While many businesses claim capital allowances on items such as computers, phones and cars, they could be missing out on substantial tax relief available to them in claims on other “plant and machinery” items that are embedded in their commercial property.
When added up, the savings in tax relief on plant and machinery claims often come in at over 30 per cent of the purchase or construction price of the property in which they are found.
Most commentators agree that over 90 per cent of commercial properties in the UK have unused claims within them. Taken together, the potential savings through tax relief can be huge and are likely to be available to a huge number of businesses.
Let’s look at “plant and machinery” in a little more detail. “Machinery” is rather self-explanatory, covering mechanical items used by the business. “Plant” items, however, are a little more interesting and often a lot less clear.
In simple terms, plant items that can generate tax relief are Apparatus used for carrying on a business?. Items such as fans, generators and radiators generally fall into this category, but the complex web of rules and case law that makes up the capital allowances regime means that the definition is in no way exhaustive.
The items that people have claimed tax relief on are varied, sometimes unusual and often surprising; examples include mirrors, fish tanks, statues, CCTV systems, zoo cages and artwork. One person has even tried to claim on a horse!?
SMEs often own shops, hotels, factories and offices all of which are prime examples of properties with a large amount of plant and machinery. If your business sounds like this, then the chances are good that you will be eligible to claim a sizeable amount of tax relief.
It is no surprise that the take up rate for SMEs has so far been so low: big accountancy and law firms are well aware of these capital allowances and have developed specialist service lines through which they claim for international clients on a regular basis. Smaller enterprises however don’t have access to the same expertise, which is a shame, as £50,000 or so claimed in tax relief through capital allowances can make a much bigger difference to the margins and fortunes of an SME that it can for the likes of Tesco.
Claims on plant and machinery that is purchased with a building can only be made once in that building’s lifetime. As mentioned briefly above, full claims have not yet been made on over 90 per cent of the UK’s commercial properties, but other avenues exist for those whose buildings have already had capital allowances claims on them.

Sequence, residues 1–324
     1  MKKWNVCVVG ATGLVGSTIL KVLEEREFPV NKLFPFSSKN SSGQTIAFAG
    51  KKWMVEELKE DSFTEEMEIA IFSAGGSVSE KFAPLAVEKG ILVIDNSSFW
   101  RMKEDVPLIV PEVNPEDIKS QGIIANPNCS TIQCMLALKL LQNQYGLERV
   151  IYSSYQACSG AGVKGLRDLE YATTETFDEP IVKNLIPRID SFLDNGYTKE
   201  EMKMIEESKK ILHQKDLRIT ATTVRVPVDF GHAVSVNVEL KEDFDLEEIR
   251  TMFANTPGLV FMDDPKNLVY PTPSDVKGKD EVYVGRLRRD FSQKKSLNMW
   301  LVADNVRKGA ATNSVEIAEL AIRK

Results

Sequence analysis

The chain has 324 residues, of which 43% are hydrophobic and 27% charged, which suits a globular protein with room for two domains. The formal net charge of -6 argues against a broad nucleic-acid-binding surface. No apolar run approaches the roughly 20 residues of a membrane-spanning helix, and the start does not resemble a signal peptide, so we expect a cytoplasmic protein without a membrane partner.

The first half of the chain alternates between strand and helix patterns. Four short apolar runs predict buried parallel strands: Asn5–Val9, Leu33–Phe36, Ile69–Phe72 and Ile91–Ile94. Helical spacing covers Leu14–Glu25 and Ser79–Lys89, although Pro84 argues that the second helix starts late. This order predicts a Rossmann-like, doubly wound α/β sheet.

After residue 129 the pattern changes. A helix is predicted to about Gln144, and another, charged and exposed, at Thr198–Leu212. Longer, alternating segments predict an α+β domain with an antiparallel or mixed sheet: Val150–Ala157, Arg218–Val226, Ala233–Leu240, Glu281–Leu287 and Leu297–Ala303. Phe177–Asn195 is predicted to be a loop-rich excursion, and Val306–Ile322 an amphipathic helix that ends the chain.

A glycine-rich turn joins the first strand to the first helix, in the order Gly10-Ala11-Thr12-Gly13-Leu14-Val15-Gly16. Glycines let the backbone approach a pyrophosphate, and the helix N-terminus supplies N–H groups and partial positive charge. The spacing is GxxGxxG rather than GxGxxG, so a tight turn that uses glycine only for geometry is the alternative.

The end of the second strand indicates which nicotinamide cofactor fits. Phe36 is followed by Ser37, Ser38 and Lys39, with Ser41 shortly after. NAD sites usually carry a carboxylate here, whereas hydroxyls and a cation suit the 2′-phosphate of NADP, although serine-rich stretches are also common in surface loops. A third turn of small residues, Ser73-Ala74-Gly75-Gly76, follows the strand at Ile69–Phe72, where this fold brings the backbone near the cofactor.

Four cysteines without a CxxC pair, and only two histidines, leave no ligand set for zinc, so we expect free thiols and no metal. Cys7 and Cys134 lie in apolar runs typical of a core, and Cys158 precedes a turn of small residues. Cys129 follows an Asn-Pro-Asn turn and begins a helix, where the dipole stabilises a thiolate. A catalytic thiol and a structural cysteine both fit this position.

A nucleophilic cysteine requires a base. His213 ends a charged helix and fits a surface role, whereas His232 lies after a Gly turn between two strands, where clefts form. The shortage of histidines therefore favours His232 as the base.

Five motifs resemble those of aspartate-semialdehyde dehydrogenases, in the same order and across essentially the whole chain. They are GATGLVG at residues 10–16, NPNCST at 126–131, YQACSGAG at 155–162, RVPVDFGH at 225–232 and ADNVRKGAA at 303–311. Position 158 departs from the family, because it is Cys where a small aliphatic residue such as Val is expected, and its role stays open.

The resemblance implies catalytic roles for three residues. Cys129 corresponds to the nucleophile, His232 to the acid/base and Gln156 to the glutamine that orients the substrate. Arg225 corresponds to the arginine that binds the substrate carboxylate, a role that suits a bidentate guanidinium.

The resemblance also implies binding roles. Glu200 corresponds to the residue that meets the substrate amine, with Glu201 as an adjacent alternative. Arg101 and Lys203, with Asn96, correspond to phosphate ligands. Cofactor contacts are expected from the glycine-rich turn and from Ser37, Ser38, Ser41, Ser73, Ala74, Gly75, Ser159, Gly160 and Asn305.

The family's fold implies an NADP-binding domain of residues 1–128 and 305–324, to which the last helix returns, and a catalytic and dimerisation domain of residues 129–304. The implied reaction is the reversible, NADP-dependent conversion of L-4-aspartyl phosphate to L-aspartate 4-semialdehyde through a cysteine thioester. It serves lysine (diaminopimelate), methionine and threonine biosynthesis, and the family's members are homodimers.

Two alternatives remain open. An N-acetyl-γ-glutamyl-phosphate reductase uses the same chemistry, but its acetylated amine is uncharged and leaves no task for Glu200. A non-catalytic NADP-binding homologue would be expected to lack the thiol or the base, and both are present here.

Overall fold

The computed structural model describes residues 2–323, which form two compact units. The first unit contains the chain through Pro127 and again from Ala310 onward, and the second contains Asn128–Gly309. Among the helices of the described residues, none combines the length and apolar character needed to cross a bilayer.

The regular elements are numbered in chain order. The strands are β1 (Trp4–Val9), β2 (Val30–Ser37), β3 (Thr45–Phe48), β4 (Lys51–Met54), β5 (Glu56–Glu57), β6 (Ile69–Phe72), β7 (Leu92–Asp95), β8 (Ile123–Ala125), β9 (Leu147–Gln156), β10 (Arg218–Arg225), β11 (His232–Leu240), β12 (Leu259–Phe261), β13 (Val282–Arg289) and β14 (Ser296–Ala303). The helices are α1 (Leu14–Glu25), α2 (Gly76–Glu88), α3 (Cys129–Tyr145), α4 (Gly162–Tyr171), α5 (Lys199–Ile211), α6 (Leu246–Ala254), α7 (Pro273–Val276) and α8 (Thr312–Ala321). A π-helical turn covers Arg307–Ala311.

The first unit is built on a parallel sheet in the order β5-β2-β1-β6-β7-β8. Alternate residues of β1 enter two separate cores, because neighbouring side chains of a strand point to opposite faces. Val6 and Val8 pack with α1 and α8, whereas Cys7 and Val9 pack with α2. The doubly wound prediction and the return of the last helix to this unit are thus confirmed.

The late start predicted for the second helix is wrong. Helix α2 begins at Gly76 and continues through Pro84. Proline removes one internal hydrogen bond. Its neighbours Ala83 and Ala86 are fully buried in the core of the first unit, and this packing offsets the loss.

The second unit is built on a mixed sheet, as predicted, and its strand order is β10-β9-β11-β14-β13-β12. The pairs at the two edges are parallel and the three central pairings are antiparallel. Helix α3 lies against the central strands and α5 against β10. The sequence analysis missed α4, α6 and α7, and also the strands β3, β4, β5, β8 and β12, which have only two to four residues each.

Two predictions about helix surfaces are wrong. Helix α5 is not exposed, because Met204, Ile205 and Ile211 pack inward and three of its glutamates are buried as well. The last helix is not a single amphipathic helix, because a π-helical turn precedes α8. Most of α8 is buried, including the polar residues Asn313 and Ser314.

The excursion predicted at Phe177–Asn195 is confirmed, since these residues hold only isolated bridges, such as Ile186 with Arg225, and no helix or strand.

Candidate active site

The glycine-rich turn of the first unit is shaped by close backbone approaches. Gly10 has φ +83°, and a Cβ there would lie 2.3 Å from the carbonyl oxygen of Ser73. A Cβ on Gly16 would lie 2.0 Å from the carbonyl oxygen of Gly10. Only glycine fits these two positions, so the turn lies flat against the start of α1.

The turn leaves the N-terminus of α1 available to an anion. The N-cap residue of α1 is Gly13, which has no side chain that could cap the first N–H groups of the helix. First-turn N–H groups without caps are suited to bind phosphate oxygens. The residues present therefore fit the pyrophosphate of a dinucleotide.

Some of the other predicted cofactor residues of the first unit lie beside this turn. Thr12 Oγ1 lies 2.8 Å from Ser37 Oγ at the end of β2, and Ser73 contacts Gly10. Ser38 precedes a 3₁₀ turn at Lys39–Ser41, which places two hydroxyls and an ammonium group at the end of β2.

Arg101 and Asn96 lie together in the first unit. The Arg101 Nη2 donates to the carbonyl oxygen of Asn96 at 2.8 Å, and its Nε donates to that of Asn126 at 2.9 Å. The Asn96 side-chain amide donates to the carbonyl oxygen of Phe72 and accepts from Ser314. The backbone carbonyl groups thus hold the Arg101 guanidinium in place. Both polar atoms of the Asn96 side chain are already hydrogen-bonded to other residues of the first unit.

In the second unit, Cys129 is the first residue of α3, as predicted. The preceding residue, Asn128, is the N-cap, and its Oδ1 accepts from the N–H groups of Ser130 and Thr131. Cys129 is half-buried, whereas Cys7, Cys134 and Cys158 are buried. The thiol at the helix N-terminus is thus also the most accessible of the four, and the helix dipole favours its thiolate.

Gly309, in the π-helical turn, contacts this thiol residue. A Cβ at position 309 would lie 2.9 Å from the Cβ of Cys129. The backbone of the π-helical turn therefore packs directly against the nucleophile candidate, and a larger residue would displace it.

Few people realise for example that a proportion of the money spent on maintenance, refurbishments, alterations, extensions and new installations can also be claimed back against your company’s profits to reduce your tax bill.
The capital expenditure on the design, project management or cost control or for the specialist costs of installation of a specific item of plant or machinery can all be taken into account for capital allowances; it is not just the cost of the item itself which is eligible. This is not widely known but represents a further source of valuable tax relief for SMEs.
Companies wishing to maximise the relief that they are entitled to should keep detailed records for building works on these projects and receipts for services paid for which more specifically detail the works involved.
Acting quickly is advised for SMEs that want to take full advantage of capital allowances, as legislation that came into effect this month has effectively introduced a time limit for making claims.
While the outlay for identifying, recording and claiming these allowances can seem like an obstacle, the tax relief that can be recouped often makes it more than worth it. Just as an example, expenditure of £100,000 on a hotel can typically generate £35,000 worth of tax relief. These bonuses are HMRC’s big gift to small companies, and they are there to be claimed.
Jeanette Edmiston is technical manager at Portal Tax Claims.